If you have any questions, please don’t hesitate to leave a question in the comments.

UPDATE: Part II continues here.

Never miss a beat

  • http://twitter.com/KieranO Kieran O’Neill

    Enjoyed this basic introduction, but would like it to carry on to more advanced topics on cohort analysis. Perhaps in the next installment? :)

  • http://twitter.com/esturistico esturisti.co

    We love this topic as it has been difficult for us to track over time how our cohorts behaves. Keep them coming! 

  • http://about.me/bradleyjoyce bradleyjoyce

    Thanks Dan, appreciate the post! Not a lot of people out there talking about the nitty gritty details of these types of metrics.

    • http://twitter.com/danmartell Dan Martell

      Exactly.  It’s why I felt motivated to discuss how their done and use them as reference when I’m talking to entrepreneurs.

      Thanks for the comment.

    • http://twitter.com/danmartell Dan Martell

      Exactly.  It’s why I felt motivated to discuss how their done and use them as reference when I’m talking to entrepreneurs.

      Thanks for the comment.

  • http://www.GetDateIdeas.com Will

    Bad-ass post! Thanks for writing this, Dan! Still so much to learn…looking forward to the next few posts in this series!

    • http://twitter.com/danmartell Dan Martell

      Thx Will! ;)

    • http://twitter.com/danmartell Dan Martell

      Thx Will! ;)

  • Darragh

    Excellent. I would love to hear of simple techniques for analysing cohorts and advisable time-frames etc through which they should be examined. 

    • http://twitter.com/danmartell Dan Martell

      Great question.  I actually cover that a bit more in Part II re: Aged Groups.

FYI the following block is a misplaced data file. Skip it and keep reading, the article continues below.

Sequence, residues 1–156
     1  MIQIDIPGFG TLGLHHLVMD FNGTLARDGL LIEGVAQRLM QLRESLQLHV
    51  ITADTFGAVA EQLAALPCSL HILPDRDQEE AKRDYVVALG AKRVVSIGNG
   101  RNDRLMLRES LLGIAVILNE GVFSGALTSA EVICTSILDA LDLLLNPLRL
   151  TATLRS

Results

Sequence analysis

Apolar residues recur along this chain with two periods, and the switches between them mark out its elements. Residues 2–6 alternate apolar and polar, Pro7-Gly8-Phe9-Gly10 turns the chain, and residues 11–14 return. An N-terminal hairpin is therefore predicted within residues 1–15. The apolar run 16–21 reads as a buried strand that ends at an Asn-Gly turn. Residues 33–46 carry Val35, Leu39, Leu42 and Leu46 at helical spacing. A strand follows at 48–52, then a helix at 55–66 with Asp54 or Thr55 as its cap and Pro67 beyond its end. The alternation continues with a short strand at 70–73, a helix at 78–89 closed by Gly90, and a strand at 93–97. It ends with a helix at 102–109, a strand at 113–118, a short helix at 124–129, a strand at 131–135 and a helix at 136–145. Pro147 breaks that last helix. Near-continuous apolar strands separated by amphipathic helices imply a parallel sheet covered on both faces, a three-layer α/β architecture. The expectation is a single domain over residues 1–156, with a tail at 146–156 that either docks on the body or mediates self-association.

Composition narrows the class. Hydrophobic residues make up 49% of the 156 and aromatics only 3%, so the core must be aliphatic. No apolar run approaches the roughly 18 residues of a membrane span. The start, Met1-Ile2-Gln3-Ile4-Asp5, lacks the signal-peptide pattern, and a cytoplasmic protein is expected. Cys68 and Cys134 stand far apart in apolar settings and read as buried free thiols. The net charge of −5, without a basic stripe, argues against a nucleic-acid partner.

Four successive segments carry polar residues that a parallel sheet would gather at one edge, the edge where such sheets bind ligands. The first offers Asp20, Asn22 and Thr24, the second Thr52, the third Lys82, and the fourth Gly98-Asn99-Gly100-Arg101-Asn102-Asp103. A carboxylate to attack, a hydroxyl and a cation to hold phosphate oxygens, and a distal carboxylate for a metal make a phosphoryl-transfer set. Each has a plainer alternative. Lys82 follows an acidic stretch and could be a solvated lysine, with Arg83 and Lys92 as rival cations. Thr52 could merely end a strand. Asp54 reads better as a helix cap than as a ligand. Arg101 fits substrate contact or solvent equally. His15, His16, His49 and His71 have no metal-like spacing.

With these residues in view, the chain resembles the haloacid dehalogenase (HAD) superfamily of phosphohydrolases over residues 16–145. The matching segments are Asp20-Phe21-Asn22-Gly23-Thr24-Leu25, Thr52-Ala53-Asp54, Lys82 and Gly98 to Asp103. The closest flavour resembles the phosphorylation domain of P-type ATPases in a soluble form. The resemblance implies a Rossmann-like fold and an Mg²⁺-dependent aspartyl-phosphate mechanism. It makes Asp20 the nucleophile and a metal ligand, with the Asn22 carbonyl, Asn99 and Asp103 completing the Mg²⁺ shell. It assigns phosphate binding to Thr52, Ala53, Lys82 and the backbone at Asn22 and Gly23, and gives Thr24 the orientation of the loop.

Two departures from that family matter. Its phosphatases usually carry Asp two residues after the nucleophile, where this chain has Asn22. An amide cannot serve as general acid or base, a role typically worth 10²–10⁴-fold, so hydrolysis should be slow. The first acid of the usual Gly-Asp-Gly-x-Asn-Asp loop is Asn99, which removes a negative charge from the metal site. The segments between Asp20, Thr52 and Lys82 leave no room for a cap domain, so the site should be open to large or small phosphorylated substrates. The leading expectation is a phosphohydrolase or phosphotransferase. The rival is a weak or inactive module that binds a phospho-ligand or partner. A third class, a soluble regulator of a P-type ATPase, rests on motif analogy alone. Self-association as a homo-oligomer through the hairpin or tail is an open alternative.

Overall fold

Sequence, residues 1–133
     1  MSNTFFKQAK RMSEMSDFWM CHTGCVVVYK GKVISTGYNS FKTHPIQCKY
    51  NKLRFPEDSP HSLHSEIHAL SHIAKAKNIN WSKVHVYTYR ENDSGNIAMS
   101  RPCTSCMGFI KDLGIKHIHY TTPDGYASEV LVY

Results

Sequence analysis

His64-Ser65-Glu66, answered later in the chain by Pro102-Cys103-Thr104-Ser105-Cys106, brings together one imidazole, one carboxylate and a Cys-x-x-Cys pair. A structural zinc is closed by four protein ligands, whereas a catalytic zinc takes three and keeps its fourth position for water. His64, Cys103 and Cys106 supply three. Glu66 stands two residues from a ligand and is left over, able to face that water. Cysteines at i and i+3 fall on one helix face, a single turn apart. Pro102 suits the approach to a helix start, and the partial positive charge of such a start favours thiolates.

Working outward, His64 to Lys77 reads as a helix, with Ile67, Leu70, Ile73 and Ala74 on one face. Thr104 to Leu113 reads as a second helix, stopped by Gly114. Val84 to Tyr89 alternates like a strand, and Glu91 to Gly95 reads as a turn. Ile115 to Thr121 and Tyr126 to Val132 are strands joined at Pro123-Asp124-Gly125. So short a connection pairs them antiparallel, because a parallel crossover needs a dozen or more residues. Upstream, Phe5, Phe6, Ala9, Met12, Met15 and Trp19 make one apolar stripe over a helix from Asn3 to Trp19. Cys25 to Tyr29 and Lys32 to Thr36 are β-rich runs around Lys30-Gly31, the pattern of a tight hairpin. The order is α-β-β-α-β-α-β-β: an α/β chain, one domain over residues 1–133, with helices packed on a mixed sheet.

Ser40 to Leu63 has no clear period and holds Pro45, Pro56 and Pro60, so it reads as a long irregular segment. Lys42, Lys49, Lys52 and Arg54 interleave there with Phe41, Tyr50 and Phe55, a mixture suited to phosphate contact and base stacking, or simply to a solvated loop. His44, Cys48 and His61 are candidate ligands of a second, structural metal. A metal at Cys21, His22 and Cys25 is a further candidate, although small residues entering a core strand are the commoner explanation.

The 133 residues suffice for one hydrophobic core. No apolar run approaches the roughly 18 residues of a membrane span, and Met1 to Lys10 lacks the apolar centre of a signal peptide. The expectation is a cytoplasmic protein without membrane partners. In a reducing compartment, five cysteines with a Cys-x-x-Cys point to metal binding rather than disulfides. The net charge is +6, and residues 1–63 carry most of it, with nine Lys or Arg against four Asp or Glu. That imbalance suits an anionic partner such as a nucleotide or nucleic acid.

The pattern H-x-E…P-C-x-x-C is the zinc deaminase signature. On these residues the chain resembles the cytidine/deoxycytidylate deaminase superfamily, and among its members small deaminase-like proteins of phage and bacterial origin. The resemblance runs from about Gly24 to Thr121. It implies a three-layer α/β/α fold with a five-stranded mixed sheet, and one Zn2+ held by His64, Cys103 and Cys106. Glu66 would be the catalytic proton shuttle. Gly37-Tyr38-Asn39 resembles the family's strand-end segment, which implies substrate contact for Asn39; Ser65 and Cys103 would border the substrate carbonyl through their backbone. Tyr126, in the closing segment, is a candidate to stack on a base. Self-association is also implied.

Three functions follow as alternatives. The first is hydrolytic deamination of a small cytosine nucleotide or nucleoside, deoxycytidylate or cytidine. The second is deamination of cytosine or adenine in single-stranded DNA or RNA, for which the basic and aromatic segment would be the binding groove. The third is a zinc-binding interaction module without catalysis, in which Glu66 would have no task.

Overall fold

I’ll be in the comments answering questions there.

      Let me know.

    • http://twitter.com/danmartell Dan Martell

      Great question.  I actually cover that a bit more in Part II re: Aged Groups.

      I’ll be in the comments answering questions there.

      Let me know.

  • http://changespeakingout.blogspot.com/ Carl J. Mistlebauer

    Obviously, then another analysis could be attempted to find out why customers from a particular channel paid for a higher plan vs another, and why a particular channel netted long term customers.  By looking at retention on a weekly basis you isolate the factor of improvements increasing usefulness but I am not sure, without knowing what the different pricing per plan exacting if cohorts by channel is ideal.  Maybe running the same analysis by plan price might give one more insight…

  • http://twitter.com/alexkehayias Alex Kehayias

    The life time value table isn’t showing up [table id=2 /]

  • http://twitter.com/geoffw8 Geoff Wright

    Arghghhghggh! Really wish I could see those tables :/

  • http://twitter.com/jayamster Jason Amster

    Yeah, the tables aren’t’ showing up.

  • Scott de Rozic

    Double down with alex – can you re-add the tables back in?

    [table id=1 /]

  • Andrew

    Where are the tables?